The “bottle bill” legislation, passed by many states in the 1970s, encouraged glass manufacturers to use reclaimed ground glass called “cullet.” Using cullet allows furnaces to operate at lower temperatures, which extend furnace life, reduce energy costs, and lower stack emissions. The use of cullet in the manufacture of glass has increased steadily from 22% in 1988, to 33.4% in 2012.
The price paid for glass containers is determined by color, quality, and the extent to which it has been prepared (i.e., crushed or whole). The prices paid for glass containers vary greatly depending upon proximity to glass manufacturing facilities. In some locations, collectors are paying $5–8 per ton to market their green glass. The unstable market for green glass cullet is in large part due to the manufacturers. The quantity of imported foreign liquors bottled in green glass exceeds the production capacity for green color containers.
Probably the greatest influence on cullet and bottle prices in the late ’80s was the supply of new material from communities with mandatory recycling programs. As more communities implemented recycling programs to extend the life of existing landfills, a new flood of glass caused prices to decrease. Because mandatory recycling was motivated by cost-avoidance, communities were willing to give glass away, if necessary.
For decades, intermediate and secondary processors produced cullet from natural resources and reclaimed materials, which was then sold to glass manufacturing facilities. However, in the ’80s, due to the abundance of available container glass, many glass manufacturing plants spent millions of dollars on glass beneficiation facilities at their plants.
With cullet prices heading downward in most parts of the country, many communities are contemplating removing glass containers from their recycling programs. Communities have discovered that glass recycling is a labor-intensive and time-consuming endeavor, which can prove to be expensive with falling cullet prices.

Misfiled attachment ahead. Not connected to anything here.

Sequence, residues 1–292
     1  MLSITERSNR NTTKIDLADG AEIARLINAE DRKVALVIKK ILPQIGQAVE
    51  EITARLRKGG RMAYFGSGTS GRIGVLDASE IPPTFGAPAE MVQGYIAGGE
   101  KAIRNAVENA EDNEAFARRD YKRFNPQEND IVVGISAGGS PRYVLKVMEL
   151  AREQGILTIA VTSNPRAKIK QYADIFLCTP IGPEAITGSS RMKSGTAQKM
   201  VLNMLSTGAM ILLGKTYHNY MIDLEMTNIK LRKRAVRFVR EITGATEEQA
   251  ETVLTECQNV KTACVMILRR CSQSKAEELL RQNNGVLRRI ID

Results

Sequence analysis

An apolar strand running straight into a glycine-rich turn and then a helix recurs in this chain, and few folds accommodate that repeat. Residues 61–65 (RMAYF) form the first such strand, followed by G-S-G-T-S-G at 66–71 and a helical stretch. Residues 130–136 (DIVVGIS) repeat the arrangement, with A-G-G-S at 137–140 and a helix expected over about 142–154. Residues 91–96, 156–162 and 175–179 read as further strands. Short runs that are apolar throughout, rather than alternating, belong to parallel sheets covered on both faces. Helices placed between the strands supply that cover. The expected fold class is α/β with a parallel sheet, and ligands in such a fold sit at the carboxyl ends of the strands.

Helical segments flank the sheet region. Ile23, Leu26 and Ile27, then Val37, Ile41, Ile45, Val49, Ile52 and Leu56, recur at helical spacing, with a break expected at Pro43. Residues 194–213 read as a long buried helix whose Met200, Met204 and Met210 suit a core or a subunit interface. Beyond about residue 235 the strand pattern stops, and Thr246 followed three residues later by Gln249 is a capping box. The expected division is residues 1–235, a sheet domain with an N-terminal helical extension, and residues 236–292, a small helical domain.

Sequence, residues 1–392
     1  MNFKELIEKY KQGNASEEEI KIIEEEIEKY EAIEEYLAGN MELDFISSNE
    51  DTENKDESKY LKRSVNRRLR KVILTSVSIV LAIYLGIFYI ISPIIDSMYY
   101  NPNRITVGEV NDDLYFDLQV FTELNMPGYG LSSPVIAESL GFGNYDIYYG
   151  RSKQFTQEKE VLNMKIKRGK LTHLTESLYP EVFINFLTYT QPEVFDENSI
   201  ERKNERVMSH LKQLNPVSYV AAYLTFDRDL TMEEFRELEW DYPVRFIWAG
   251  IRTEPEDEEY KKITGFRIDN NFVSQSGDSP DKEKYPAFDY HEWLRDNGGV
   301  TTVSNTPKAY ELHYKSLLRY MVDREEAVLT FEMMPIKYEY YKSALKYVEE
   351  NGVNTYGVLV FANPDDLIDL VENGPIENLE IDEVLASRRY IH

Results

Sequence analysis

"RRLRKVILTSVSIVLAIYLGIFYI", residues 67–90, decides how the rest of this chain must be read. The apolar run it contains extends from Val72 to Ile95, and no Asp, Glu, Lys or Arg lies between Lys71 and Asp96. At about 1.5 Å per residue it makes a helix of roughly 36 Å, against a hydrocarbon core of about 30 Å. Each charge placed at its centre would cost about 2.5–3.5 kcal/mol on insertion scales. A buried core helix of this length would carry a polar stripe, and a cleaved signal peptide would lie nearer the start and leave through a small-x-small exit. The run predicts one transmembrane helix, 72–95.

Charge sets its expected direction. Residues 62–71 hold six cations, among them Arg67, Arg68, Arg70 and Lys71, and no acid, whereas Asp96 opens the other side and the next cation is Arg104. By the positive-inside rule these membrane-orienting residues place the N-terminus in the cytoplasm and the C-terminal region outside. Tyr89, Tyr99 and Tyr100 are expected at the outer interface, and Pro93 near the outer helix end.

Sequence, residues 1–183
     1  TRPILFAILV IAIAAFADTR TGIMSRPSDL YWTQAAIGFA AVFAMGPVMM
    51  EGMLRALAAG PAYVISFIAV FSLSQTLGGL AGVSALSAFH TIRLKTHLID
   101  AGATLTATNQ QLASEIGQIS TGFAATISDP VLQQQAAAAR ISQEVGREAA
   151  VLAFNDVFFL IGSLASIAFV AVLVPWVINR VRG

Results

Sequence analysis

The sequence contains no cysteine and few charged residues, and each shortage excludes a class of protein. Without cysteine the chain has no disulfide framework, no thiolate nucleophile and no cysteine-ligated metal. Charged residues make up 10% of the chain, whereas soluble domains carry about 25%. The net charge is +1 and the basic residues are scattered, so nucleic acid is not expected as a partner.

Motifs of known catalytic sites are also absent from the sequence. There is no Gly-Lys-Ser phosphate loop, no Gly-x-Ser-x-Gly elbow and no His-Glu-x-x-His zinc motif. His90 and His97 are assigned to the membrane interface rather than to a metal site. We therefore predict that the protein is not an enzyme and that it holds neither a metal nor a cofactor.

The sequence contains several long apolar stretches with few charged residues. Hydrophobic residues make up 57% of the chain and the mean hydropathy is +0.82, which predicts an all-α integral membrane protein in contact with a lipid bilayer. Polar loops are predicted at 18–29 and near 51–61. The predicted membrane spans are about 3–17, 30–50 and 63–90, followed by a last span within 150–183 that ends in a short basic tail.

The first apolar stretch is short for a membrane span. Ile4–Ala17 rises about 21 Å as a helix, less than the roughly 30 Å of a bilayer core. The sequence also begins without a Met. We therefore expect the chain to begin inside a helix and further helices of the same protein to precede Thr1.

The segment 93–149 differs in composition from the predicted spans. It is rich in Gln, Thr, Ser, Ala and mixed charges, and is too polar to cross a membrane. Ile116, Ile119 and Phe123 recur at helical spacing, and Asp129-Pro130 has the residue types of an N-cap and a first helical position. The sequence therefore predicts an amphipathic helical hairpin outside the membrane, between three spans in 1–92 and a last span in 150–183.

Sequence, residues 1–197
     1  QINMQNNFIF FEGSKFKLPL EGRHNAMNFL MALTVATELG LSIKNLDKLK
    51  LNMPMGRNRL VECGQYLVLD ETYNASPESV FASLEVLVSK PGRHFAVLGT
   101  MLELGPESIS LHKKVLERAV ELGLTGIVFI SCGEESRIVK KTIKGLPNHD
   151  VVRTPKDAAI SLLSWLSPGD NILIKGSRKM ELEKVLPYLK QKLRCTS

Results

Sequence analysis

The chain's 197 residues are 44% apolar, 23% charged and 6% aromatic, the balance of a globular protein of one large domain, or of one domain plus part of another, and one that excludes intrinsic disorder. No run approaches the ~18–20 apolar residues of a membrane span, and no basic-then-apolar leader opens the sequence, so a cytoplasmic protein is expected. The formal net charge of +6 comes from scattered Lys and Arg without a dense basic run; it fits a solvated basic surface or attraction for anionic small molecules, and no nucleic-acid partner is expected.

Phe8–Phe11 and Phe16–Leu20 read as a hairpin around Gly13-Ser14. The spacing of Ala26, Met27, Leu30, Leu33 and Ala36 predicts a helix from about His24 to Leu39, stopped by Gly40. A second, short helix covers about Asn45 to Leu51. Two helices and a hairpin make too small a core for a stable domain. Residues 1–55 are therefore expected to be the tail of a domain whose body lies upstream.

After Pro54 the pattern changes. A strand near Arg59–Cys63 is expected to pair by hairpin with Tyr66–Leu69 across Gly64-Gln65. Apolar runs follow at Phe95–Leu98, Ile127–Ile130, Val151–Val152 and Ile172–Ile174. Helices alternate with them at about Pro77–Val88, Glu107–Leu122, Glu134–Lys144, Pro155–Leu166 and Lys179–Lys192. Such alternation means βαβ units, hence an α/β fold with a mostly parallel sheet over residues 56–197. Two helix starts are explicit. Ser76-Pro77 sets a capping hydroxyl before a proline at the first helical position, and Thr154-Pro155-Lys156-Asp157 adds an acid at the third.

In many cases, however, the public relations benefits and avoided tipping fees are felt to outweigh the collection and processing costs.
Current State of Affairs
As mentioned previously, solid waste agencies have encouraged residents to combine all of their recyclable materials into one cart, which is commonly referred to as single-stream recycling. Due to the ease of this process, recycling rates have generally increased in communities that have adopted single-stream recycling collection, while at the same time the cost of sorting these materials at the MRF has increased. According to many MRF operators, glass complicates the material recovery process, because it has a deleterious effect on their processing equipment and the other materials, such as fiber, in the wastestream. Some MRF operators have even decided that it is too expensive to separate out glass and ship these streams to nearby landfills to use as cover materials.
Given these circumstances, and the almost limited market for recycled glass, what are solid waste agencies planning for the near term? The following paragraphs highlight interviews of several solid waste agencies nationwide.
Sarasota County, FL
Sarasota County, which is located on the west coast of the state, is keeping glass in its recycling. The county has a source-separated, dual-stream collection program. Glass is a cost for them to have it processed and recycled. According to Brian Usher, the County Solid Waste Collection Manager, there are four reasons they continue to collect glass in their program:
- Public perception: Glass is still perceived to be one of the foundational “fruits” of recycling and a high value commodity.
- Cost: Even though recycling glass is a cost to us, the cost of collecting and processing is still cheaper and more sustainable than landfilling. Our landfill is not excited about diverting all of this glass to the landfill where it has no LFG value, does not readily degrade, and will take up airspace.
- Diversion: in an effort to meet diversion goals in Florida of 75% by 2020, glass is one of the few commodities that still has weight and contributes to tonnages diverted.
- Processing: as a dual-stream collector, glass does not have quite the cross-contamination issues that it does for the single-stream recycling processing.